Tag Archives: Fin McLeod

‘The Blackhouse,’ by Peter May

The northern part of Lewis was flat and unbroken by hills or mountains, and the weather swept across it from the Atlantic to the Minch, always in a hurry. And so it was always changing. Light and dark in ever-shifting patterns, one set against the other – rain, sunshine, black sky, blue-sky. And rainbows. My childhood seemed filled by them. Usually doublers.

I was encouraged to check out Peter May’s “Lewis Trilogy” of Scottish police novels. I have now read The Blackhouse, the first of them. My reaction is positive, but mixed. The writing (witness the passage above) is superior. My main problem with the book was with the main character and sometime narrator (he narrates the out-of-sequence flashbacks which constitute about half of the book), Fin McLeod, Edinburgh police detective. One likes to like the hero of a book, but sometimes Fin is hard to like. However, there’s a reason for that, entirely in line with the purposes of the story.

Fin is a native of the island of Lewis, in the Hebrides, a bleak place where life is tough to sustain and economic times are hard. He got away and became a policeman in Edinburgh, and has been back only once since. But when a man is murdered in his old home town, in a way almost identical to a murder he’s investigating in Edinburgh, he’s assigned to go and see if there’s a connection.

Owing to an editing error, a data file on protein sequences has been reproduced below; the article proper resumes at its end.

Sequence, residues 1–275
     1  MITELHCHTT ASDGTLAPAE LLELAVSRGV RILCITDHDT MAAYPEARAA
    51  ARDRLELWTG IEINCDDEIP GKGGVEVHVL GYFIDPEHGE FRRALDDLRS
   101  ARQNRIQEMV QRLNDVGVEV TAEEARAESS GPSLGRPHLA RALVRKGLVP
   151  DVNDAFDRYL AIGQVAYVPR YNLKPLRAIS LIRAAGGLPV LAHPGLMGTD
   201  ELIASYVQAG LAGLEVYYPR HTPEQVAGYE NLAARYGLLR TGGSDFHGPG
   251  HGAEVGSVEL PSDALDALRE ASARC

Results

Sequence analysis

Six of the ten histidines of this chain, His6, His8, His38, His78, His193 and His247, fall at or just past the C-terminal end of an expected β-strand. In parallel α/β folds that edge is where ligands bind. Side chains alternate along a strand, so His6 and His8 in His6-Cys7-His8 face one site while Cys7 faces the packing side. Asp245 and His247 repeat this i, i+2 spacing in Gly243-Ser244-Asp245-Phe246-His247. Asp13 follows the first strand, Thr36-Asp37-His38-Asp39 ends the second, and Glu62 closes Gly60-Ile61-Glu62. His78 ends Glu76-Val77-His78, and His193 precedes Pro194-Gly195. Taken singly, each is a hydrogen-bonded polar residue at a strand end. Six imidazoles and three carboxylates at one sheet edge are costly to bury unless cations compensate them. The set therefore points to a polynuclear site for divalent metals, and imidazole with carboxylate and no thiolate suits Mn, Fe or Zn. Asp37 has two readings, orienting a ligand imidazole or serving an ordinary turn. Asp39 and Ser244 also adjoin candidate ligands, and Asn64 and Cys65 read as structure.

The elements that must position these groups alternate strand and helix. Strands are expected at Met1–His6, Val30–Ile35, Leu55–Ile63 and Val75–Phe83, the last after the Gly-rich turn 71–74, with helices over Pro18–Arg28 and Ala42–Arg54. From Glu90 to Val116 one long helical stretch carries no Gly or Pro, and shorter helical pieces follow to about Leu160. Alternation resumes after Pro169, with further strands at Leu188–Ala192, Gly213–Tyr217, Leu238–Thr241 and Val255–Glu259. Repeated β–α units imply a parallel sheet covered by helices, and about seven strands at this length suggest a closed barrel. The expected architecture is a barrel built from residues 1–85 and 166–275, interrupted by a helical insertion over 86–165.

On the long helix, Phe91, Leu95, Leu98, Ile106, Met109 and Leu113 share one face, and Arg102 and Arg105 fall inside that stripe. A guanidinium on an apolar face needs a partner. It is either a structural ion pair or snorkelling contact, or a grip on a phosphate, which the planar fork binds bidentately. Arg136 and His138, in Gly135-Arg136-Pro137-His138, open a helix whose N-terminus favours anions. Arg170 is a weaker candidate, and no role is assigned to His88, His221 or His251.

Back at home, he encounters many old friends and enemies, most of them greatly changed physically but much the same at heart. The course of his investigation rouses memories, which constitute the many long flashbacks in the narrative. Gradually he finds that the similarities between the two murders are no accident, and that he will have to confront the deepest and blackest secrets of his past.

As I mentioned, I found it hard to root for Fin sometimes. He often seems cold and unsympathetic to others. But it’s not surprising that he keeps people at a distance, considering the amount of loss he suffered growing up, as we learn. He seems to have been touched by more than his share of tragedy, even in a place where life is a marginal proposition for most.

For the Christian reader, there are interesting implications. Fin describes himself as not a believer, but not an atheist either – he’s just mad at God. Christians – and there are many on Lewis – seem to be uniformly pinched and joyless. On the other hand, one of the most important positive characters in the book reads the Bible constantly and draws wisdom from it. So I think there’s more going on here than mere flippant modern secularism.

The Blackhouse is a beautiful book, but challenging. I’m not sure whether I recommend it or not, but I’ve bought the sequel. Cautions for sex and language and graphic descriptions of murdered bodies.